By Andrew Murray
Little of the word with little prayer is death to the spiritual fife. Much of the word with little prayer gives a sickly life. Much prayer with little of the word gives more life, but without steadfastness. A full measure of the word and prayer each day gives a healthy and powerful life. Think of the Lord Jesus. In his youth and manhood he treasured the word in his heart. In the temptation in the wilderness, and on every opportunity that presented itself - till he cried out on the cross in death, 'My God, my God, why hast thou forsaken me?' (Matt. 27.46). He showed that the word of God filled his heart. And in his prayer life he manifested two things: first, that the word supplies us with material for prayer and encourages us in expecting everything from God. The second is that it is only by prayer that we can live such a life that every word of God can be fulfilled in us. And how then can we come to this, so that the word and prayer may each have its undivided right over us? There is only one answer. Our lives must be wholly transformed. We must get a new, a healthy, a heavenly life, in which the hunger after God's word and the thirst after God express themselves in prayer as naturally as do the needs of our earthly life. Every manifestation of the power of the flesh in us and the weakness of our spiritual life must drive us to the conviction that God will, through the powerful operation of his Holy Spirit, work out a new and strong life in US.
Oh, that we but understood that the Holy Spirit is essentially the Spirit of the word and the Spirit of prayer! He will cause the word to become a joy and a light in our souls, and he will also most surely help us in prayer to know the mind and will of God, and find in it our delight. If we as ministers wish to explain these things and to train God's people for the inheritance which is prepared for them, then we must commit ourselves from this moment forward to the leading of the Holy Spirit; must, in faith in what he will do in us, appropriate the heavenly life of Christ as he lived it here on earth, with certain expectation that the Spirit, who filled him with the word and prayer, will also accomplish that work in us,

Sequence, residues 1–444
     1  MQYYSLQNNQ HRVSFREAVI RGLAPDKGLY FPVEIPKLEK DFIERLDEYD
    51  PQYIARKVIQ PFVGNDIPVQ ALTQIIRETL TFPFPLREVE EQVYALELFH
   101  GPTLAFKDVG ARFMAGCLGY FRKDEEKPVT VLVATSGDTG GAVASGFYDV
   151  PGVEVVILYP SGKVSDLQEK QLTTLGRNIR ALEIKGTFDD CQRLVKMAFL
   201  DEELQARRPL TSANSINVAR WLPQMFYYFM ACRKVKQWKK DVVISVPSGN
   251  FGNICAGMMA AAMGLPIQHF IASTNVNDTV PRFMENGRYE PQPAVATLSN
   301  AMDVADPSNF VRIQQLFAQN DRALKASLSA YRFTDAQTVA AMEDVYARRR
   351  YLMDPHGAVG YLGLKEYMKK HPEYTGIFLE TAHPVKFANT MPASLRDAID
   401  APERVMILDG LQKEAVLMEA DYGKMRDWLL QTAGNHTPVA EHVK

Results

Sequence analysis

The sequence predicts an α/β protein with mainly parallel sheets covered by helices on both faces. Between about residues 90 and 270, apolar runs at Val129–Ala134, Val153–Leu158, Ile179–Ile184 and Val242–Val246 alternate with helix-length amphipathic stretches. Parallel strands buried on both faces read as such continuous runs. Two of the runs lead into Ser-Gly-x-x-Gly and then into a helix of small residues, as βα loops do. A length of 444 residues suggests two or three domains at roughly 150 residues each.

Yes, let us believe that the Spirit who is in us is the Spirit of the Lord Jesus, and that he is in us to make us truly partakers of his life. If we firmly believe this and set our hearts upon it, then there will come a change in our intercourse with the word and prayer such as we could not have thought possible. Believe it firmly; expect it surely.
We are familiar with the vision of the valley of dry bones. We know that the Lord said to the prophet: 'Prophesy upon these bones ... Behold, I will cause breath to enter into you, and ye shall live' (Ezek. 37.4, 5). And we know how, when he had done this, there was a noise, and bone came together to its bone, and flesh came up, and skin covered them - but there was no breath in them. The prophesying to the bones - the preaching of the word of God - had a powerful influence. It was the beginning of the great miracle which was about to happen, and there lay an entire army of men newly made. It was the beginning of the work of life in them, but there was no spirit there.
How then the Lord said to the prophet: 'Prophesy unto the wind ... Thus saith the Lord God; Come from the four winds, 0 breath, and breathe upon these slain, that they may live' (verse 9). And when the prophet had done this, the Spirit came upon them, and they lived, and stood on their feet, a very great army. Prophesying to the bones, that is, preaching, has accomplished a great work. There lay the beautiful new bodies. But the prophesying to the Spirit, 'Come, 0 Spirit', that is, prayer, accomplished a far more wonderful thing. The power of the Spirit was revealed through prayer.